A variety of Islamic dress styles are worn in Indonesia but over the last ten years the mosleum has become an increasingly popular form of Islamic dress.

As one of the leading muslim fashion designers in Indonesia Itang Yunasz believes in the essence of modern fashion design while keeping with modest cultural forms of dress.

15 years ago Itang Yunasz decided to dedicate his career as a fashion designer to exclusively focus on the Muslim market. (Jakarta Fashion Week 2014, para. 2)

(Yunasz, 2014)
Itang Yunasz showing at Jakarta Fashion Week 2014 (Yunasz, 2014)

“I wanted to prove that Muslim fashion, which based on Syari’ah, could also be fashionable and stylish,” – Itang Yunasz (Yunasz, 2014)

Itang Yunasz showing at Jakarta Fashion Week 2014 (Yunasz, 2014)

Itang Yunasz’s latest collection featured textiles of various weaving techniques such as Balinese and Sumba Ikat weaves from central and eastern Indonesia. He brought together traditional Indonesian techniques of embroidery and weaving with the modern process of digital printing, creating an range influenced by both Indonesian culture and contemporary fashion design.

To appeal to an international market, Indonesian fashion designers must face the challenge of combining Indonesian traditional fashion and cultural textiles with contemporary design. It is important for local designers to feature traditional textiles such as woven and dyed batik as well as embroidery to be able to keep originality and identity of Indonesian fashion in contemporary design. (Abdullah 2014, para. 8)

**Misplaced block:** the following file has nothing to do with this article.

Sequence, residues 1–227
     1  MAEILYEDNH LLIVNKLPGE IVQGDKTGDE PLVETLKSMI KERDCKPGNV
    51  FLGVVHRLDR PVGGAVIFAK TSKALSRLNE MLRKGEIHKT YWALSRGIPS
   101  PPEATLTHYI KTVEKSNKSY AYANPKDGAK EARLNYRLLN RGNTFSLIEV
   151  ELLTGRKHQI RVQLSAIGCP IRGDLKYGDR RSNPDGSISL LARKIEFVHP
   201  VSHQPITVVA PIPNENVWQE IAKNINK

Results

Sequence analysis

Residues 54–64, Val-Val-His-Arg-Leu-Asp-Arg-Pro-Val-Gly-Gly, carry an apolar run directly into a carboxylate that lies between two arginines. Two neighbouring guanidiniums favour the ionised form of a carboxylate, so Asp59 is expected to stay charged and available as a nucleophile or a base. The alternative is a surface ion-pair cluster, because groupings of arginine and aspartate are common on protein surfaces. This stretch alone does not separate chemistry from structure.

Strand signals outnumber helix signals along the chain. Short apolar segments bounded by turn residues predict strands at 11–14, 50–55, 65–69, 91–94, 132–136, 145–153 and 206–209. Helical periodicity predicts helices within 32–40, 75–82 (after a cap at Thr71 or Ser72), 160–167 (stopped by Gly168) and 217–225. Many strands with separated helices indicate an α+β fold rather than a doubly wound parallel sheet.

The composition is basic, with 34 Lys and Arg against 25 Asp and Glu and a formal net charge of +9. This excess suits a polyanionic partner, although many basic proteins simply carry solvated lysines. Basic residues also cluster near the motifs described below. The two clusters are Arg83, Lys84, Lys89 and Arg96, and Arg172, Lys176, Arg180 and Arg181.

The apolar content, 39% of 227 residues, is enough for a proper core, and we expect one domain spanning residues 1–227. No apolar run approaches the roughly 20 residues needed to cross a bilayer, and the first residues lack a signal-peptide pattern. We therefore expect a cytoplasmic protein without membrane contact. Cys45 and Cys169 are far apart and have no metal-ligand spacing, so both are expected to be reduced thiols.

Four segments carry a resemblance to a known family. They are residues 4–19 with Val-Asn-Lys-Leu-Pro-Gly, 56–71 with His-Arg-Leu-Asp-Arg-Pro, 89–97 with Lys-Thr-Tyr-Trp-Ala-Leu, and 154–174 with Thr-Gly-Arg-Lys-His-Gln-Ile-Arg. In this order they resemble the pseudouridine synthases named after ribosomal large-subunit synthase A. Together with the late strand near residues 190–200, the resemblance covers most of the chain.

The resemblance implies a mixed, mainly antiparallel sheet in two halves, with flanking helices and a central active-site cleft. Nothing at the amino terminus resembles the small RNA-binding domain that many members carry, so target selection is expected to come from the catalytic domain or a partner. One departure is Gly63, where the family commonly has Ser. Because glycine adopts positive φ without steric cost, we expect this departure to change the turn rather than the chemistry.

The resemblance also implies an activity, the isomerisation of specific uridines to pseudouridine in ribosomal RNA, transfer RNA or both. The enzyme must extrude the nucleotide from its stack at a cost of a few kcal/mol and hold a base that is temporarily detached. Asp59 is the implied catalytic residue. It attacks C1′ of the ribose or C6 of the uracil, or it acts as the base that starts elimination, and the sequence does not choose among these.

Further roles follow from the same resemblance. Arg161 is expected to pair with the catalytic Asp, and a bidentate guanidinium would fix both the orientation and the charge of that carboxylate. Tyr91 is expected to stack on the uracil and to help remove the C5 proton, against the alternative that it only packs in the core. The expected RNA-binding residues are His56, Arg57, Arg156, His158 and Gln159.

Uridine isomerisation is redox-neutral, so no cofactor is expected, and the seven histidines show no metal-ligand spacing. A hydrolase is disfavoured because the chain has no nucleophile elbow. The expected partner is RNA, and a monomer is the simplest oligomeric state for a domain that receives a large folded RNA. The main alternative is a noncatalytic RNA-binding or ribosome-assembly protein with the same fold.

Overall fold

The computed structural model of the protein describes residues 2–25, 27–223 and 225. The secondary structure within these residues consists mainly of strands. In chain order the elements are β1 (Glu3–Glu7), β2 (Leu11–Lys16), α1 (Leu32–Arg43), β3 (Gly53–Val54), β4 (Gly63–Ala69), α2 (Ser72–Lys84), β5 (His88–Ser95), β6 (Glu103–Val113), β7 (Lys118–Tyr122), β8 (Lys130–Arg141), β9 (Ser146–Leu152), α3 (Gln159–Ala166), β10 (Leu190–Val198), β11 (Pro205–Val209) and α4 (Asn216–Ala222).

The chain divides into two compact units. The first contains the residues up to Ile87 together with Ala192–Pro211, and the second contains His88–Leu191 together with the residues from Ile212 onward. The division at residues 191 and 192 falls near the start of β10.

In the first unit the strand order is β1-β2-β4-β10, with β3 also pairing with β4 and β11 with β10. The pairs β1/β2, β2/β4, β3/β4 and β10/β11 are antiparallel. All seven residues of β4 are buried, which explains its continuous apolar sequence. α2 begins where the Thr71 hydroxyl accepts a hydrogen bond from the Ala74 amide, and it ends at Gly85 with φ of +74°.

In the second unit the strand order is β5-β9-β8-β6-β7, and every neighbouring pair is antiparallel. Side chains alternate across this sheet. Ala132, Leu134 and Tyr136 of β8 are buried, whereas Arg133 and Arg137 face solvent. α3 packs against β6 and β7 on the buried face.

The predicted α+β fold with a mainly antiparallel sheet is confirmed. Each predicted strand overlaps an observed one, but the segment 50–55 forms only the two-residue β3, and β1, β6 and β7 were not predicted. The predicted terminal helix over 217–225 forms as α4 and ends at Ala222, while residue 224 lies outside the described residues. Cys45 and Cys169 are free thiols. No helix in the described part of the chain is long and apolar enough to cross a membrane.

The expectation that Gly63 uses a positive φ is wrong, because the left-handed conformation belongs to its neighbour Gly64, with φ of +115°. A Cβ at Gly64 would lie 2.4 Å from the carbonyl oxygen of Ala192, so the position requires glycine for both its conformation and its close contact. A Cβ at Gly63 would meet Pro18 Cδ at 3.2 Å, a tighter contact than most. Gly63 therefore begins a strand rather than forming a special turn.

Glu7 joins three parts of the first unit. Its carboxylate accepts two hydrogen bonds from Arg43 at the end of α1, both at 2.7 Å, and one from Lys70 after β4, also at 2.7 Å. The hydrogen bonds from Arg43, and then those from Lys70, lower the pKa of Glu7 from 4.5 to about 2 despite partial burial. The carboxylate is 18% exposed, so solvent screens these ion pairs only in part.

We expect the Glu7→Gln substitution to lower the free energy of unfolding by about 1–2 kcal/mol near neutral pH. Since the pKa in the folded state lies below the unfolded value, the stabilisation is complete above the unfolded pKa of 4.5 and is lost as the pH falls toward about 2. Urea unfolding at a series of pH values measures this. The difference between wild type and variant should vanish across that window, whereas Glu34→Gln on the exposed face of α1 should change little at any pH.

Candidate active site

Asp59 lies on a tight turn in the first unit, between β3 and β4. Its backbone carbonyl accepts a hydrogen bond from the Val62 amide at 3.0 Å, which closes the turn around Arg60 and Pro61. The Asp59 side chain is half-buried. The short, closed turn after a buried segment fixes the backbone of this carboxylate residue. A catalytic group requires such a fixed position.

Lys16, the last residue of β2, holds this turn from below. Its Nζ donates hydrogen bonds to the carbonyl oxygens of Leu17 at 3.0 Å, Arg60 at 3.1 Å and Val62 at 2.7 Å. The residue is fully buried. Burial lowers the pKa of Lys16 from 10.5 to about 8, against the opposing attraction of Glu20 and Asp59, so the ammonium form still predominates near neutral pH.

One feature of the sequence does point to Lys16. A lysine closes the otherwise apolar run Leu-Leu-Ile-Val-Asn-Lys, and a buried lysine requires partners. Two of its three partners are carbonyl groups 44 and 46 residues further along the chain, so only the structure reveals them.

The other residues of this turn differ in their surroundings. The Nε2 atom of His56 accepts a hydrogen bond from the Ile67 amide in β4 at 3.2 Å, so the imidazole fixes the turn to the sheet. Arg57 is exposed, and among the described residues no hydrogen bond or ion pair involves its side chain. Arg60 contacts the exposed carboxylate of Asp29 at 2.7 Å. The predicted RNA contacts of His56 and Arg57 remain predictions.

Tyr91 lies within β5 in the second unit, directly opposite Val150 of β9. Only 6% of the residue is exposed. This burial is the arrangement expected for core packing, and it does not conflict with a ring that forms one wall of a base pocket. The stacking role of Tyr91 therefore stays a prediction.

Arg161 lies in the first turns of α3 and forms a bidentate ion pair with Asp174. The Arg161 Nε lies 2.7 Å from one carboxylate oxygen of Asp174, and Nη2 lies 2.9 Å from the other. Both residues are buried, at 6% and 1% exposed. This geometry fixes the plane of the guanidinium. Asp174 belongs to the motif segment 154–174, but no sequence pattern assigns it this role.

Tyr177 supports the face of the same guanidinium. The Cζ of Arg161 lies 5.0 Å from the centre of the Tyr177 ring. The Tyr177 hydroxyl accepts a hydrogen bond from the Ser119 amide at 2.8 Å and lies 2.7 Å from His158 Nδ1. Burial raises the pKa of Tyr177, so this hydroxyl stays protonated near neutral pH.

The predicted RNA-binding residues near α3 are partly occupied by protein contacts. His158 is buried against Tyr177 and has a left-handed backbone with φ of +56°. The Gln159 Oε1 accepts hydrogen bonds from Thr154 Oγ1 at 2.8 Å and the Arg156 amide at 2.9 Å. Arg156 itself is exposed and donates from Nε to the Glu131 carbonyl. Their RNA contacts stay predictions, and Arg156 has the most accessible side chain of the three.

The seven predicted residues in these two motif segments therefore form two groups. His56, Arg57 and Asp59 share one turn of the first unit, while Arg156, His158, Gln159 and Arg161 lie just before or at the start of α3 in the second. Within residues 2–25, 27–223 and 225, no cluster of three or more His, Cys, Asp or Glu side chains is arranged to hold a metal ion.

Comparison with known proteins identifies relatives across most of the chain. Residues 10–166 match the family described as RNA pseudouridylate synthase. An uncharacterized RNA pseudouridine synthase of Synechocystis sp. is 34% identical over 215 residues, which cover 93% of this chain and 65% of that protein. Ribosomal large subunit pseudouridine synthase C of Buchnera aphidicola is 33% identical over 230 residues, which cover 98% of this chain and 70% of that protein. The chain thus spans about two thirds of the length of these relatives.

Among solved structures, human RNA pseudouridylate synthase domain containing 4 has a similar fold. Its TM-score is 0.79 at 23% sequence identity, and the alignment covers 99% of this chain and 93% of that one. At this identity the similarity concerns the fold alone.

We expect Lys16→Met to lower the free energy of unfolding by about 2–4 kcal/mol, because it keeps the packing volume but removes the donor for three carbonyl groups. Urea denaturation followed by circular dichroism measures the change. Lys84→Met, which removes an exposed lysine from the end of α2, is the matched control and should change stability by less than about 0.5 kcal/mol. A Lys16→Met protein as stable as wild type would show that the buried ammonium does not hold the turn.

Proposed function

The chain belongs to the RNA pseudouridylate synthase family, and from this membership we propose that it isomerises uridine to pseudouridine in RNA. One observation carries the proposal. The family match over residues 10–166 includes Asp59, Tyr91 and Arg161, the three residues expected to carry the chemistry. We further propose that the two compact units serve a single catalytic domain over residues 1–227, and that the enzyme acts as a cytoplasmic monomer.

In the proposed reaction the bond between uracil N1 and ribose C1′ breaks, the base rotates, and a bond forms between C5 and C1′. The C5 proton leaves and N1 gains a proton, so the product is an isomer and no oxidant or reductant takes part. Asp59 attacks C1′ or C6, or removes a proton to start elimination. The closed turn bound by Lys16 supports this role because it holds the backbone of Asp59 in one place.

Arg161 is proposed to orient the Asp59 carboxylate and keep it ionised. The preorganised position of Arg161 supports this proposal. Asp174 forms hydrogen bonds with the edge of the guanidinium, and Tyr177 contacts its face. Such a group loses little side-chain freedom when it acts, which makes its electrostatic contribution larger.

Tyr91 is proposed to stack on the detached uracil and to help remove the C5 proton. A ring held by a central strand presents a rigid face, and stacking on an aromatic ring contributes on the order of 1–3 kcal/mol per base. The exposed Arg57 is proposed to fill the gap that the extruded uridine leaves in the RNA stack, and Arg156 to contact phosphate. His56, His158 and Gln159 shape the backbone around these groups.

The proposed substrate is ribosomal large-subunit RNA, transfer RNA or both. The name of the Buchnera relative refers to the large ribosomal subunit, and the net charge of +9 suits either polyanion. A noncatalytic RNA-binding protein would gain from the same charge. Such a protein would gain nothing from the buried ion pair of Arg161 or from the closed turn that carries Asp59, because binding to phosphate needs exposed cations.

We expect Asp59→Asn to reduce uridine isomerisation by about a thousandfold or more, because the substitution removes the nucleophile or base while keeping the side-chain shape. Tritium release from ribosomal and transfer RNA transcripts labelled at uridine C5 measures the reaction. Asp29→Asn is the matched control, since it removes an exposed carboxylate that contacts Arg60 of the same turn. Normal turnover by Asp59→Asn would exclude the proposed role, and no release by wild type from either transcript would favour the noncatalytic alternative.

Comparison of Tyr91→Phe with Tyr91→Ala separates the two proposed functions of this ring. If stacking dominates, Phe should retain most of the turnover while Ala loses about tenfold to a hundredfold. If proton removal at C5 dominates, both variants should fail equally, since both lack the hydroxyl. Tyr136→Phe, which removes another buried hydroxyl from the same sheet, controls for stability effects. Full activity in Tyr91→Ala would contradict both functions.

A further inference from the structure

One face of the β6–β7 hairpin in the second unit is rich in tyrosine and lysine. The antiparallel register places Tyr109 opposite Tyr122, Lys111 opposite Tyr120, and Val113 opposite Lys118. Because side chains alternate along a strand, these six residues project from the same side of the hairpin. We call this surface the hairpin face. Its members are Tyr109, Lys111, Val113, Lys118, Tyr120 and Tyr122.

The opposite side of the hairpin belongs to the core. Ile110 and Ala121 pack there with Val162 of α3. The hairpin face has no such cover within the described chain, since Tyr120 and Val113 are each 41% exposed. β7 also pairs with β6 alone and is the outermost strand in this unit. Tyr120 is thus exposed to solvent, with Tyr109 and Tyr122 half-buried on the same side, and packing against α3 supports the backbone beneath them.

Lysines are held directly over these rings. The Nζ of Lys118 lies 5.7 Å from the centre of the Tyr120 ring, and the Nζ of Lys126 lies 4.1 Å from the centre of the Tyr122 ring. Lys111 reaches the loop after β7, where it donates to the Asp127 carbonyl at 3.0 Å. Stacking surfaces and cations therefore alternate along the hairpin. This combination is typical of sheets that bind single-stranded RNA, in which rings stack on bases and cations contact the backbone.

The fashion design industry in Indonesia has brought great economic and cultural development. With the success of local designers who are committed to maintaining local heritage while showcasing contemporary designs, Indonesia it is well on the way to becoming the next Islamic fashion capital.

References

Abdullah, Najwa 2014, A Bright Future for Indonesia’s Fashion Scene, Aquila Style, Singapore, viewed 23 April 2015, <http://www.aquila-style.com/lifestyle/ifw-2014/>

Ismail, S. 2004, ‘Being Muslim: Islam, Islamism and Identity Politics’, Government and Opposition, 4 edn, vol. 39, Weidenfeld and Nicolson, London, pp. 614-31.

Jakarta Fashion Week 2014, A Long Journey of Itang Yunasz, Indonesia, viewed 24 April 2015, <http://www.jakartafashionweek.co.id/en/content/news/the.long.journey.of.itang.yunasz/001/002/687>

Jones, C. 2007, ‘Fashion and Faith in Urban Indonesia’, in Tarlo, E.: Moors, A. (ed.), Fashion Theory, 2/3 edn, vol. 11, Berg Publishers, England, pp. 211-232.

Yunasz, I. 2014, Itang Yunasz’s Great Dedication, Jakarta Fashion Week, viewed 24 April 2015, <http://www.jakartafashionweek.co.id/en/content/news/itang.yunazs.great.dedication/001/002/286>

Yunasz, I. 2014, Jakarta Fashion Week, Tom and Lorenzo, viewed 24 April 2015, <http://tomandlorenzo.com/2014/11/jakarta-fashion-week-2015/>